The Best Types of Honey Bees for Your Hives
All beekeepers are looking for the perfect type of honey bee. If we are going to spend our time and money on beekeeping, we want to buy the very best type of bee, right? What is the best type of honey bee to purchase? Well, I have some information that might help you in your search.
And yes, different races of honey bees do tend to have different traits but this is sometimes magnified by bee suppliers who are not usually selling pure lines. Most of us will not be buying pure races of bees.
A few of my favorite things…
Best Types of Honey Bees for Beginners
This is a common question asked by new beekeepers.And I really want to be able to give the new beekeeper a good answer. However, buying honey bees is much different than some of the types of livestock that we manage. First, lets talk -just a bit- about the honey bee family.
While there are several “species” of honey bees found world-wide, the species that lives in the US is Apis mellifera (or the European Honey bee).
“Honey bees are not native to the United States. They were originally brought over by colonists coming to the new country.”
We only have 1 honey bee species in the United States. But, we do have several different types of honey bees known as “races”. Races of bees can interbreed with each other – and they do.
Most of us beekeepers will have a bee with mixed genetics. The label may say Italian, Carniolan, Russian etc, but the fact is that pure strains of bees are hard to come by.
Truthfully, this may be a blessing because quite often in nature – the pure bred animal is not the most healthy. A mix of genetics may be beneficial in honey bees.
Which Kind of Honey Bee is the Best One Overall?
This is one of those beekeeping questions that beekeepers love to argue about. But, let’s not argue – let’s be friends. And besides, no one can prove their point for a certainty.
Each race of bee has admirable characteristics and some that may not be as well suited to your backyard hive. As the queen bees breed with drones of other genetic makeup, the diversity of genetic material grows.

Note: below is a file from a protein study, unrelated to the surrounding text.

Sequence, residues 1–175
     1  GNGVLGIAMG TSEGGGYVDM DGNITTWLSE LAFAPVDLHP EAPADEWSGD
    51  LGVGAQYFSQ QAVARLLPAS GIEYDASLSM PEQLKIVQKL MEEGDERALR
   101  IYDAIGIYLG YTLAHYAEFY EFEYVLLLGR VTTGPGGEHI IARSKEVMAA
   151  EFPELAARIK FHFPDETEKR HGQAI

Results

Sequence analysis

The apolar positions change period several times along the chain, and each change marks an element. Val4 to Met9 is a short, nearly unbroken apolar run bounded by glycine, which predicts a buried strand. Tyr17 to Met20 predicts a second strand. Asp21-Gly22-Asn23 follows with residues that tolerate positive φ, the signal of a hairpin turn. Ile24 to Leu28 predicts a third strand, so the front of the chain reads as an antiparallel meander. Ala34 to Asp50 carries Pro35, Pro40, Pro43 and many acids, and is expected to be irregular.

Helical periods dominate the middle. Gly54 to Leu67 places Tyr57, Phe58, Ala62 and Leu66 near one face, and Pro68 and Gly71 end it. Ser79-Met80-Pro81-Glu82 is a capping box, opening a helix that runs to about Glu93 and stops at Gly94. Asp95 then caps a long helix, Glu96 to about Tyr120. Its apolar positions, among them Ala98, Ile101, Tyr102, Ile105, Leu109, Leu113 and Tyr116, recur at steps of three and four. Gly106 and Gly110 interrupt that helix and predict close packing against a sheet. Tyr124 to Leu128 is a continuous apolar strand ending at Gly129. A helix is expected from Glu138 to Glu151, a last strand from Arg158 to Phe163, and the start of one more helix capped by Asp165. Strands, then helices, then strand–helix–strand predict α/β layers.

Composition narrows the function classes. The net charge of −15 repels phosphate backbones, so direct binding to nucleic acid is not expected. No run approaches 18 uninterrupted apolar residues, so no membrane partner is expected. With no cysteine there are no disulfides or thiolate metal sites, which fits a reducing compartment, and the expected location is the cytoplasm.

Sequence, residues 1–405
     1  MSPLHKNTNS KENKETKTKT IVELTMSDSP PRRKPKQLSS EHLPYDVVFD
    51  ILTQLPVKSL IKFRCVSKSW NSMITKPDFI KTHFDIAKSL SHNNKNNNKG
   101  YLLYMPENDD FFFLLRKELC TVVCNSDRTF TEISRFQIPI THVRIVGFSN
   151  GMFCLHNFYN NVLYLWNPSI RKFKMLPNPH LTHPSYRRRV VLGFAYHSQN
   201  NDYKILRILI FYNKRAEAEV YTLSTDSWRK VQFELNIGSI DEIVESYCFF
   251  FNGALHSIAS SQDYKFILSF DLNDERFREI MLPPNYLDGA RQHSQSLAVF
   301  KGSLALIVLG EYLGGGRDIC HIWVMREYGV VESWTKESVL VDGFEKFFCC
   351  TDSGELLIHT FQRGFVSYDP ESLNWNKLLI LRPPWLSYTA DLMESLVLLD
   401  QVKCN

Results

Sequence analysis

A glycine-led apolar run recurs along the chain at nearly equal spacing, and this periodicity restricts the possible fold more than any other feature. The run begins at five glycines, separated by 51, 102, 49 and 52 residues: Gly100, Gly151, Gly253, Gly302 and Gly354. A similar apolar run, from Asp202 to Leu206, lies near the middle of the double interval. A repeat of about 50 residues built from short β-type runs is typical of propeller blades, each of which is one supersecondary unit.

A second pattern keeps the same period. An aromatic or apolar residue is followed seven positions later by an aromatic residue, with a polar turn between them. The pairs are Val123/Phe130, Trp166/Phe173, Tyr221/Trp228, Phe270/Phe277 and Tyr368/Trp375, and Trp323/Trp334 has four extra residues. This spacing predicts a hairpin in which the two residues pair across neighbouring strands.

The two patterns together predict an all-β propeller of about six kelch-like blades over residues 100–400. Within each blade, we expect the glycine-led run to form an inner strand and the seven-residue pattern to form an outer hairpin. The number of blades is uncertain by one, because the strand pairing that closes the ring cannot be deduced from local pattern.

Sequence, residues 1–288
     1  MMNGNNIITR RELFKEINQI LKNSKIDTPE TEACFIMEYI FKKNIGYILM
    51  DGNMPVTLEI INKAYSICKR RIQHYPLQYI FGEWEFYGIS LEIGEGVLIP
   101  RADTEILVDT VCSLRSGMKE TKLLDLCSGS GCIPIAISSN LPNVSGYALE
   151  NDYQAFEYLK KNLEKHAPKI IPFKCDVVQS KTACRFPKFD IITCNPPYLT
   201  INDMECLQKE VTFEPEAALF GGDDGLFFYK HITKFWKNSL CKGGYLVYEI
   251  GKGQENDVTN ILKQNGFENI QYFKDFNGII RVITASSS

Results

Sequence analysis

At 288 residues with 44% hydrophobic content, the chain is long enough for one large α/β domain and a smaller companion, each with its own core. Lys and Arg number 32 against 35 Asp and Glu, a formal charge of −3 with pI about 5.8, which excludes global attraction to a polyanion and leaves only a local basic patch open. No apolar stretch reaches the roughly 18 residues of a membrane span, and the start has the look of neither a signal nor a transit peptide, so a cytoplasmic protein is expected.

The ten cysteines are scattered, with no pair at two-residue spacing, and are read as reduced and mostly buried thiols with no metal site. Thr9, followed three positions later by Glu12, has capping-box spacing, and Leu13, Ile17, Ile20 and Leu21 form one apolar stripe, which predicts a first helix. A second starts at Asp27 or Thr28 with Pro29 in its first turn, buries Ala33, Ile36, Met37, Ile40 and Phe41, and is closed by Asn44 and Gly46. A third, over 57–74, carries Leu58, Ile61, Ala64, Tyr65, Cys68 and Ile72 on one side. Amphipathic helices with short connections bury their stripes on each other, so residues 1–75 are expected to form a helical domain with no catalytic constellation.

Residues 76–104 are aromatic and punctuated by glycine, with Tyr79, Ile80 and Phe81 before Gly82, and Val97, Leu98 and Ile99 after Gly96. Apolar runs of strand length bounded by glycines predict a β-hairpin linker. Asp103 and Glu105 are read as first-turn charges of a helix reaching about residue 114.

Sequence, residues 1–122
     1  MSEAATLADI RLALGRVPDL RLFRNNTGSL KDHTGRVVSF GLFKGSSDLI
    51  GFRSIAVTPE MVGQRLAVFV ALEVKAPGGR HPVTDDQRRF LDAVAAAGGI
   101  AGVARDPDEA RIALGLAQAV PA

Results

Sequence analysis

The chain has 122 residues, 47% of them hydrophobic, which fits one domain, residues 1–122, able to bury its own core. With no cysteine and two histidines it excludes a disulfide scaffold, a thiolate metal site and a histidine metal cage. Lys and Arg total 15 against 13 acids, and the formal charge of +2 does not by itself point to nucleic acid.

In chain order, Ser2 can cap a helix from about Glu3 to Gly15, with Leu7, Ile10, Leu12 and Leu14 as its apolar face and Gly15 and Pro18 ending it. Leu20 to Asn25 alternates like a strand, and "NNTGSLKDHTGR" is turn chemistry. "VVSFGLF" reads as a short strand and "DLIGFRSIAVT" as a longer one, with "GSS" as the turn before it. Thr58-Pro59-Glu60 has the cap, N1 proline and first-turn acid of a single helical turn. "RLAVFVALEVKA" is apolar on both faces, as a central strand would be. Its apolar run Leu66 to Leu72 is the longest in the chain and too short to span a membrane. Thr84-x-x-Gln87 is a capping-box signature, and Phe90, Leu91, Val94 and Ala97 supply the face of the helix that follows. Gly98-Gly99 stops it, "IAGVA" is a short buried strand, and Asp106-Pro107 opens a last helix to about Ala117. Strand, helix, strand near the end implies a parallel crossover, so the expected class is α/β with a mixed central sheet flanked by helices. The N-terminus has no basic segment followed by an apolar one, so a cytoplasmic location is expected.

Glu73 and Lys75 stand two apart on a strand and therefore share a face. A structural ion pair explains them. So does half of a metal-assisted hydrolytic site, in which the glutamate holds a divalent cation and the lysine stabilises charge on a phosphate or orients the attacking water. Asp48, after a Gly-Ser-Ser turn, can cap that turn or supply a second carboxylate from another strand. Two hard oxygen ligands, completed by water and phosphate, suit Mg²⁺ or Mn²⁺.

Perhaps there is no best honey bee. But by comparing qualities of different races of honey bees, you can choose the best bees for your hive.
When you order bees, you will often have a chance to choose a line of bees identified as one type of another. Availability and your location will play a role in the decision making process of buying honey bees. And in time, unless you purchase artificially inseminated queens, you will end up with a mixed race of bee in your hives.
Since most of us keep a mixed stock. We often call our local bees a wonderful mix of mutt bees. A little of this and a little of that is a good way to describe the genetic makeup. Most package bees and nucs purchased fit in this category.
Different Types of Honey Bees in the North America
All honey bees share certain characteristics. They gather nectar to make honey and pollen to feed their young. They defend their hives by stinging but some are more defensive than others.
Honey production, propolis production and winter cluster sizes vary within the different races of bees. Beekeepers strive to choose a bee that fits their needs and climate. Do you live in a cold climate or the hot humid south?